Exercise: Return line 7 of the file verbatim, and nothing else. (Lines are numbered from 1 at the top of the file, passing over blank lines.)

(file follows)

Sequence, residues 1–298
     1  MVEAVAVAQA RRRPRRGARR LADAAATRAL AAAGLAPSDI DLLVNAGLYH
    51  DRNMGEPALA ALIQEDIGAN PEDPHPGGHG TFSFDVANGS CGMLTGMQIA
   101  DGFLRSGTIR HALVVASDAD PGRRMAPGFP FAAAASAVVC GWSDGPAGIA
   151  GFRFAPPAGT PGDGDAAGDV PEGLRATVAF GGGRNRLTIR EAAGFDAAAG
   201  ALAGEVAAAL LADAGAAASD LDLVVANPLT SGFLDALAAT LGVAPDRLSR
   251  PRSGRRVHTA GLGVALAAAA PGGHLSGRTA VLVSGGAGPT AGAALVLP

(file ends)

   251  PRSGRRVHTA GLGVALAAAA PGGHLSGRTA VLVSGGAGPT AGAALVLP